Can you ban workplace romances?

When it comes to workplace romances, many employers don’t know what to do. It’s unlikely to be fair to ban them completely, but there are still some circumstances where workplace relationships can cross the line.


Love is in the air

According to research conducted by Totaljobs, being wooed at work is the most popular way to meet partners – more so than online dating, friends, nights out, and the rest of it.

But although one third of those surveyed said they’d stay well clear of workplace romances because the two just don’t mix, two in three said they certainly wouldn’t rule it out.

And, of those that have or are dating a co-worker, the vast majority (76%) said they’d keep it on the downlow, compared to the mere 3% who said they’d go straight to HR.


Blocking any budding romances

While it’s likely to be a step too far to ban relationships completely, as this would be too great an interference into employees’ private lives, if an employer feels strongly about workplace romances, they can put specific policies in place to set out their stance. Within your policy, you could include things like:

  • Whether or not confidential disclosure of the romance is required and, if so, who to.  However, it should be considered whether this is always needed or more reasonably, whether disclosure is required where there’s a conflict of interest, for example, the relationship involves senior and more junior colleagues 
  • If disclosure is required and, it’s very difficult to put an exact timeframe on when it should be brought to your attention though
  • The ground rules and expected standard of conduct in work if colleagues enter a romantic relationship, including any “red lines”. This would include behaving professionally in work at all times, including if the relationship sours
  • A reminder that pursuing an unwanted relationship or inappropriate behaviour towards a colleague could be deemed to be sexual harassment
  • Such a policy should carefully balance between the business needs and the right of employees to have a private life

If you’re serious about enforcing your policy, it’s important that you ensure everyone has read, understood, and signed it.

An unbreakable bond

If employees go against your policy and you want to take action, you must consider if you are being consistent. If you’re not, you run the risk of facing allegations of discrimination.

For example, two single employees (one senior and on junior) start dating but don’t tell you. It then comes to your attention, and you let it slide. A few weeks later, a similar situation comes to light, but this time it’s a single employee dating a married employee, and you go down the disciplinary route. The latter could argue discrimination against a protected characteristic; their marital status.

Cause for concern?

Workplace dynamics

According to the research, more than one in three (35%) employees think that breaking up with a colleague would negatively affect workplace dynamics – something no business’ morale wants or needs.

If you feel like a failed relationship is starting to take its toll on your team’s atmosphere, we’d recommend pulling the employees in question separately to one side for an informal chat, letting them know how their break-up is impacting the wider team, and reminding them how they’re expected to behave at work – regardless of their relationship status.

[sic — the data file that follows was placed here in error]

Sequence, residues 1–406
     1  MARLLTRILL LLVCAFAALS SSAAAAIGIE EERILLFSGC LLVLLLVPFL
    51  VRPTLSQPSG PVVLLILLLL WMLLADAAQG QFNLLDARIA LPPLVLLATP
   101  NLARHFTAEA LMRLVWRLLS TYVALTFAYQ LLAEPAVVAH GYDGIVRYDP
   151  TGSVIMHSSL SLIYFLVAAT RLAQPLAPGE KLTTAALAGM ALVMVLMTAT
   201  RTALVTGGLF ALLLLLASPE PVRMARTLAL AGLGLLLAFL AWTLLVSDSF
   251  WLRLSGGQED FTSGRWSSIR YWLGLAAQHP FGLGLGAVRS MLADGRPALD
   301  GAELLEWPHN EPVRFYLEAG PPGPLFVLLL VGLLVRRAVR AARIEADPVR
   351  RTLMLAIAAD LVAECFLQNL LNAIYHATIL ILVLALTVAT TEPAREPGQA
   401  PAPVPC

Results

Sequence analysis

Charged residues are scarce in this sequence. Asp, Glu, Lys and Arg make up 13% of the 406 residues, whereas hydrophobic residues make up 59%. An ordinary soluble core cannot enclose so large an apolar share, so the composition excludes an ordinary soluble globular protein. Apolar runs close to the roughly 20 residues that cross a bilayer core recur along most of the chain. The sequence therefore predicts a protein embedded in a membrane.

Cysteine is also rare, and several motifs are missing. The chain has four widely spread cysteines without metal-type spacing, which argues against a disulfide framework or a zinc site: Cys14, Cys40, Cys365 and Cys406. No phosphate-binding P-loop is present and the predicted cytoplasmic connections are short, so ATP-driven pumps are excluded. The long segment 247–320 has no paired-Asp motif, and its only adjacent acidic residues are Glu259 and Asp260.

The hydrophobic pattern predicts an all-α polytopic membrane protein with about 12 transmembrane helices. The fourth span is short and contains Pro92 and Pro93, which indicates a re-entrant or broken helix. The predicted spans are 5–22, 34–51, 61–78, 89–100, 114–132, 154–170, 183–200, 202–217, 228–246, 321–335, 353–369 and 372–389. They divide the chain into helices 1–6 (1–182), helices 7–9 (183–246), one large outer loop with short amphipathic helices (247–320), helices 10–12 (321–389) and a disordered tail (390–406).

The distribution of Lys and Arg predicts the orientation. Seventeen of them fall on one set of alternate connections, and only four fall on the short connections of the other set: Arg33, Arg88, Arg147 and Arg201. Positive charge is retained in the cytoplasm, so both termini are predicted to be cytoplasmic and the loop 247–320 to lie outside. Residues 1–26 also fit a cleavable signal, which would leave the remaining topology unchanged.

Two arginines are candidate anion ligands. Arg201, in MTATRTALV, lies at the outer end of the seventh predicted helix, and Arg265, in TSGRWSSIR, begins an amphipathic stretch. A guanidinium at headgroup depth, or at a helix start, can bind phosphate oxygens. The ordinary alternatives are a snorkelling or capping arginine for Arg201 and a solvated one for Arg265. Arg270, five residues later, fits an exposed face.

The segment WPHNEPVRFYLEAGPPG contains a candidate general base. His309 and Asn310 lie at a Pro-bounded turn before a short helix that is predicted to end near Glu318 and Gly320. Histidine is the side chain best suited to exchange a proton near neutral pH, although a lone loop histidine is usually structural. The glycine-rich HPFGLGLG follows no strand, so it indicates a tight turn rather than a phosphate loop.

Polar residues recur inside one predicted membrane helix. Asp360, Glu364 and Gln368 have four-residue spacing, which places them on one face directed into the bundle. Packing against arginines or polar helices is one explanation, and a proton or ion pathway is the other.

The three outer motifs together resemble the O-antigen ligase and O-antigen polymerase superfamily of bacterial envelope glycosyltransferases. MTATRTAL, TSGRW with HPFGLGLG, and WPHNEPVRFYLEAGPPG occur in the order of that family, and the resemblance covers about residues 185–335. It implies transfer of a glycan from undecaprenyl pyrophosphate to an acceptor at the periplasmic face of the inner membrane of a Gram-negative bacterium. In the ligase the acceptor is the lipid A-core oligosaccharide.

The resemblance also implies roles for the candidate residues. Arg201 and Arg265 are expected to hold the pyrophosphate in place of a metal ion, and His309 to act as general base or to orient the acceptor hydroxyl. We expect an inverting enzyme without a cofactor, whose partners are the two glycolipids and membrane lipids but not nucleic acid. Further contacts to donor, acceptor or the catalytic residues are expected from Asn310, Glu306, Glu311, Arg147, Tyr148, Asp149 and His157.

Sex discrimination

If two employees enter into a relationship, break-up, and then one party is treated differently and less favourably, or if the treatment is in response to them rejecting advances, this is treated as sex discrimination (or, in some circumstances, sexual orientation discrimination or sexual harassment).

Some examples of different and less favourable treatment include unjustified disciplinary action, dismissals, performance management, assigning the employee all the worst jobs, badmouthing or gossiping, or giving them the cold shoulder.

Although this is more likely to be the case when there’s a difference in seniority as managers will likely have more power to make a subordinate’s life difficult, it can happen with employees who’re on the same level, too.

And lastly, even if the treatment doesn’t result in a discrimination claim, it could still easily lead to a grievance or other difficulties in the day-to-day working relationship.

Retention rates

Furthermore, with 14% of workers saying they’d quit their job because of a break-up, it’s not great news for your retention rates either.

Admittedly, there’s little you can do to stop an employee leaving under these circumstances, but taking steps to help try and ease a break-up may help retain valued employees.

It’s a love-hate relationship

In the same study, it was uncovered that happy co-working couples did experience some less-than-lovely side effects because of their relationship too.

Three in 10 said they felt judged by their colleagues, more than half (51%) felt that office gossip added pressure to their relationship, a quarter said they experienced jealousy, one in six said people made fun of them, and 11% disclosed they felt discriminated against.

Not sure where you stand?

When it comes to workplace romances and what to do, it can be easy to get yourself into a tizzy – and that’s where we come in. Whether it’s help putting policies together, negotiating your way through a fair disciplinary process or handling allegations of discrimination – and everything else in between, we’ve got your back.

If you’re not yet a Citation client, you can get in touch with the team on 0345 844 1111 or via our Contact Us page. And if you’re already part of the team, remember, we’re available 24/7 with our advice line.

*According to research conducted by Totaljobs on 5,795 workers in February 2018.

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